Google even implements historical weather data to preempt server farm cooling needs, while Microsoft has experimented with aquatic data centers, letting the vast ocean absorb the heat. Amazon has pledged to move its Amazon Web Services (AWS) toward a 100% renewable energy operation by 2025, announcing in 2021 the construction of 23 new wind and solar projects across the globe.

Electronic waste is another area of growing concern, as aging hardware is being discarded in the tens of millions of tons every year. With looming shortages in rare earth minerals and supply chain breakages in the production of computer hardware, the need for robust recycling of computer hardware grows by the day.

Cloud technologies are ever-evolving, and the biggest players are deploying dozens of innovative strategies to maintain their competitive edges. 2022 is going to be a big year for the industry as it strives to keep up with the exponential growth in computing demands.

How secure is the IAAS Cloud

Cloud security begins with cloud security engineering. An association should initially comprehend its present cloud security stance, and afterward plan the controls and cloud security arrangements it will use to forestall and relieve dangers. This arranging is basic to get hyper-complex conditions, which may incorporate numerous public clouds, SaaS and PaaS administrations, on-premise assets, which are all accessed from both corporate and unsecured personal devices.

The Need for Cloud Security Architecture

As organizations become dependent on the cloud, they should likewise put a greater spotlight on security. Most off-network information flows through cloud-based administrations, yet a large number of these cloud administrations are utilized with no security planning.

The utilization of cloud service providers and numerous individual gadgets makes it hard for organizations to view and control information streams. Cloud coordinated effort sidesteps standard organization control measures. Admittance to delicate information on unmanaged individual gadgets presents a significant danger.

Security and risk management experts think that it’s hard to acquire perceivability over a mind boggling blend of gadgets, organizations and clouds. These network security mosaics, full of covered up weaknesses, are a greeting for attackers to initiate breaches.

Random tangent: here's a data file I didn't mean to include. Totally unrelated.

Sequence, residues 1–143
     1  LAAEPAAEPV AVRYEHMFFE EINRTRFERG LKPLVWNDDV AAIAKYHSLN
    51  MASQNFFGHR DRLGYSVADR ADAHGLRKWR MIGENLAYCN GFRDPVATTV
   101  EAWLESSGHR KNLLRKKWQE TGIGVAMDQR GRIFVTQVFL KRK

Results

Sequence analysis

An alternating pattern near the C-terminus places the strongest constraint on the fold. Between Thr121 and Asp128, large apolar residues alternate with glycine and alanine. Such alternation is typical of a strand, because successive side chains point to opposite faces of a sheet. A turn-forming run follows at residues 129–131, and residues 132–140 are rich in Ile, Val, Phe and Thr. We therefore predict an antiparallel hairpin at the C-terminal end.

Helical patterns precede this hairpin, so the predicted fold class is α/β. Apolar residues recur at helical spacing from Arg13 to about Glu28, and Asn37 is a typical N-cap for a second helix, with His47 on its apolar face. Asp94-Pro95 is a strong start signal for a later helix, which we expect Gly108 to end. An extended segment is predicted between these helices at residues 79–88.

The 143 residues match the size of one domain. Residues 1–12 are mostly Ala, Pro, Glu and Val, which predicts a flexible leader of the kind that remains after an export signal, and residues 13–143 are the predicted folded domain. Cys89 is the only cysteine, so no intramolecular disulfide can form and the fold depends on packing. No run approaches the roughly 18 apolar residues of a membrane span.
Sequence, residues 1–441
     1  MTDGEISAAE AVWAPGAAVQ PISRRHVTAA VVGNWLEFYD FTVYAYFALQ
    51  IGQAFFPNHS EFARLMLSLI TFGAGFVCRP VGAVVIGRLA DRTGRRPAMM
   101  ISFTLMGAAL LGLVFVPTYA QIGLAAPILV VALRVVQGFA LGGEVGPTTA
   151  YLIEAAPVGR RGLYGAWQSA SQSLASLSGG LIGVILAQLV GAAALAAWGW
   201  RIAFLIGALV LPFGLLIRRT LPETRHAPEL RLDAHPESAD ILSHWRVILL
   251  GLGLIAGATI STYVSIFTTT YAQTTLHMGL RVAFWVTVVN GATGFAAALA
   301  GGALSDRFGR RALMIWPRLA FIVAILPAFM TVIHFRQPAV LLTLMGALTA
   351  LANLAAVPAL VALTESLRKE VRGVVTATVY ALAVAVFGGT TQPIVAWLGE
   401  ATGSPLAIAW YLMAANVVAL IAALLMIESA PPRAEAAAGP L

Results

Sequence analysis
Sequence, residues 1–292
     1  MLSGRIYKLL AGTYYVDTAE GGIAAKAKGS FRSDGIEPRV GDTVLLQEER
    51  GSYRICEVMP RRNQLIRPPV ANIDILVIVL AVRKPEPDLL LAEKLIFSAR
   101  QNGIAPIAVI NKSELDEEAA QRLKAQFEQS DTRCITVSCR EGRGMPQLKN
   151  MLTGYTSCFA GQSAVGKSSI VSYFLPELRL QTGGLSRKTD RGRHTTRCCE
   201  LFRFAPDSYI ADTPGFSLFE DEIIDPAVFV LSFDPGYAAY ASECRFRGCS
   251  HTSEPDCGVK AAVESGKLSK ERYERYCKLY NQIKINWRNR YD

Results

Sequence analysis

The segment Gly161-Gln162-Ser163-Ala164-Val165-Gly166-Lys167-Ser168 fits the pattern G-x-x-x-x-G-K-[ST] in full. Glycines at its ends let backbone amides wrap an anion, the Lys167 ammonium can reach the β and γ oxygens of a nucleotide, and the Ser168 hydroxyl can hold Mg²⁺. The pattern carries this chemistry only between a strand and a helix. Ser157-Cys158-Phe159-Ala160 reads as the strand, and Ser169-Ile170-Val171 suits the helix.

Many cloud service providers don’t give definite data about their internal environment, and numerous regular inner security controls can’t be straightforwardly changed over to a public cloud.

For all of these reasons, organizations need to consider cloud security as a new challenge, and construct a cloud security engineering that will help them gain enough security in this complex environment.

The cloud security design model varies relying upon the kind of cloud administration: IaaS (Infrastructure as a Service), PaaS (Platform as a Service), or SaaS (Software as a Service). Here, we explain different security considerations for each model.

The IaaS Cloud Computing Security Architecture

IaaS gives storage and network assets in the cloud. It depends vigorously on APIs to help oversee and work in the cloud. Nonetheless, cloud APIs are often not secure, in light of the fact that they are open and easily accessible from the web.

The cloud specialist organization (CSP) is liable for getting the infrastructure and deliberation layer used to get to the assets. Your association’s security commitments cover the remainder of the layers, for the most part containing the business applications.

To better visualize the cloud network security issues, deploy a Network Packet Broker (NPB) in an IaaS climate. The NPB sends traffic and information to a Network Performance Management (NPM) framework, and to the pertinent security instruments. Moreover, set up logging of events happening on network endpoints.

IaaS cloud deployments come with the following additional security features:

  • Network division
  • Intrusion Detection System and Intrusion Prevention System (IDS/IPS)
  • Virtual firewalls set before web applications to secure against noxious code, and at the edge of the cloud network
  • Virtual routers

To establish further IaaS security, you must rely on Cloud insights. Cloud Insights helps you find problems fast before they impact your business. Optimize usage so you can defer spend, do more with your limited budgets, improve security and detect ransom ware attacks through better visibility, and easily report on data access for security compliance auditing.